"With the right direction and support, she could go to Juilliard."

"I'll keep that in mind."


"What did she say?"

"Your shoes are fu-- damaged. They're damaged. They need to get fixed."

"I knew that."

"Well thank you, Einstein. I didn't. And I can't afford to buy you a new pair of shoes. Which makes me an asshole."


"Yeah, what?"

"Two bucks in the swear jar."

"I know."


"Try this milkshake. It's really good."

"Mm, that is good."

"I like good stuff."

"So do I. Know what I like more than good stuff?"


"Funny girl. Besides that."


"Better stuff."

"Like what?"

"Better grades."

"Here we go..."

"Ray, your teacher called. The last time you turned in a homework assignment Muhammad Ali was still Cassius Clay."


"Exactly! Kid, you need to smarten up. You're my baby girl, and I love you and everything, but you have to see the picture through the trees...the big picture. You have to work harder. Get stuff done. Elbow grease."

"Does that hard work include falling asleep and forgetting to pick your daughter up from ballet? Because I think I could handle that."

"Get in the car."

"Can I drive?"



"We asked a hundred people. Top four answers are on the board. Name the most embarrassing situation for your dirty parts to be exposed."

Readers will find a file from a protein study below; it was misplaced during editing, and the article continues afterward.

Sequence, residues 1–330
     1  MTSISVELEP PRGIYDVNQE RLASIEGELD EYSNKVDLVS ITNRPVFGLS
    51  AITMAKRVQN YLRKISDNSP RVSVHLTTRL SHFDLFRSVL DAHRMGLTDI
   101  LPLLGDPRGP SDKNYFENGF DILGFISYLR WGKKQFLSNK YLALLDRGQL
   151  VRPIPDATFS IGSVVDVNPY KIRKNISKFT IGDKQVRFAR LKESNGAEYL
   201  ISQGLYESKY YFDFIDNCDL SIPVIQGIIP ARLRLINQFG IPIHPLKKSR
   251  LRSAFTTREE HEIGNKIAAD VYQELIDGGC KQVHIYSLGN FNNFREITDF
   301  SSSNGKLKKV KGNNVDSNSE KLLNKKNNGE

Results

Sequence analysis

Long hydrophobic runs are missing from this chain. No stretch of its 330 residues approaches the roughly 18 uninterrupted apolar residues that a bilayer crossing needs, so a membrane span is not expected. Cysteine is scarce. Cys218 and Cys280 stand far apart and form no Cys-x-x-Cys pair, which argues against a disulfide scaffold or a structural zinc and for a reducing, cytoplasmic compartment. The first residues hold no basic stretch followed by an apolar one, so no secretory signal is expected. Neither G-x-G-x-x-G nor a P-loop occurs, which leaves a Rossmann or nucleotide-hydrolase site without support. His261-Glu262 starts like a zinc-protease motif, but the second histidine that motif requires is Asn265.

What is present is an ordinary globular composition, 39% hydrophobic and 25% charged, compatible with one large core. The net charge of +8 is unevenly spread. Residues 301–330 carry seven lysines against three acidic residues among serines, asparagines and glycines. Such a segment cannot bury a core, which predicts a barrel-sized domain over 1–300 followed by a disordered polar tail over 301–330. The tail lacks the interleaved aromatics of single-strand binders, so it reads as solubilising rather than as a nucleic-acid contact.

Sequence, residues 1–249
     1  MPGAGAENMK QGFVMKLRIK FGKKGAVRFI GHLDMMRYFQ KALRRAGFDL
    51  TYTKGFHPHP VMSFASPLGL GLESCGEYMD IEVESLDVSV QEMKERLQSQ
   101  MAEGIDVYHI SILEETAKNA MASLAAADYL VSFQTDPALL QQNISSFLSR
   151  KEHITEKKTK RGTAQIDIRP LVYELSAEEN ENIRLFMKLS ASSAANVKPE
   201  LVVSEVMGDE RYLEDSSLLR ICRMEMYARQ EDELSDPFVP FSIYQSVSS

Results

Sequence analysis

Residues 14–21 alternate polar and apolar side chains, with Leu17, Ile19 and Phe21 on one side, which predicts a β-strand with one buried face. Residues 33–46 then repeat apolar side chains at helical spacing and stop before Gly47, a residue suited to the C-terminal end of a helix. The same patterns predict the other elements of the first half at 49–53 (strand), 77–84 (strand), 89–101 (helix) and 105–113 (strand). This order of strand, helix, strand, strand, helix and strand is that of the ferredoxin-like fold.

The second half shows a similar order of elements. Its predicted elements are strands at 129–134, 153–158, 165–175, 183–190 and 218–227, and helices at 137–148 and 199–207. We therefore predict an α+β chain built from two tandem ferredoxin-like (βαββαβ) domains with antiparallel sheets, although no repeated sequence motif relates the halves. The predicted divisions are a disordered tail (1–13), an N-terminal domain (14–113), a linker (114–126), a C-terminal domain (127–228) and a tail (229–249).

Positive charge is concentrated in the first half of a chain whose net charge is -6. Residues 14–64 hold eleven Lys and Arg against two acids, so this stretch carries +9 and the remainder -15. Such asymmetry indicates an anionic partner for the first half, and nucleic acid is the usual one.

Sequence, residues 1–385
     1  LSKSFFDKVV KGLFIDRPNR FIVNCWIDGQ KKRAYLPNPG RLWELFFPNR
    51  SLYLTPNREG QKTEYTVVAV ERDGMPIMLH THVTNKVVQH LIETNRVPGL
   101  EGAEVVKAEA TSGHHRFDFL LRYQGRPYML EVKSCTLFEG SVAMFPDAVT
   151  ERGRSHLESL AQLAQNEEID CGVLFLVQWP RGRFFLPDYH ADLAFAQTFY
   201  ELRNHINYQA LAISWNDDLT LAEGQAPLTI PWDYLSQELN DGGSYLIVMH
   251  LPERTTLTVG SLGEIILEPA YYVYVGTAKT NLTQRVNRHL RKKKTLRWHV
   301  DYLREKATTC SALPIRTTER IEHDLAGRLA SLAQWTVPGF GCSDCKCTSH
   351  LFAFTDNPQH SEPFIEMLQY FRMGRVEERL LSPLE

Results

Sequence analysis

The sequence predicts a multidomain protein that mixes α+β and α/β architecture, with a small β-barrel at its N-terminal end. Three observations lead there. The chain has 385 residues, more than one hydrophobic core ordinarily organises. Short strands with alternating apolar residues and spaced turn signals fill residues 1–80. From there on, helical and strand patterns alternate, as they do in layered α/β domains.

"What does he mean by dirty parts?"

"It's a double entendre."

"What's that?"

"Ask me later. RED CARPET!"

"What's a double entendre?"


"You told me to ask you later. Now is later."

"MEMOIR! Sorry, sweetie, what?"

"Never mind. I found it on Wikipedia."

"That's good. SEX TAPE!"

"I'm going to bed."



"Ray, wake up, kid. Time for school."

"Mnidonwannagotaschooltoday. Cannijussleepin?"

"Not on the itinerary. I don't want to go to work, either, but we all have our fate. The sword of Damocles hangs over both our heads."

"Can I drive?"

"Maybe when you're older."

"Who's Damocles?"

"He was before your time. Mine, too. He played jazz. Had a cleft lip, but he played the trumpet better than Gabriel."

"Who's Gabriel?"

"He's an asshole, don't worry about him. Have a good day at school, Small Fry."

"Have a good day at whatever you do, Big Fry."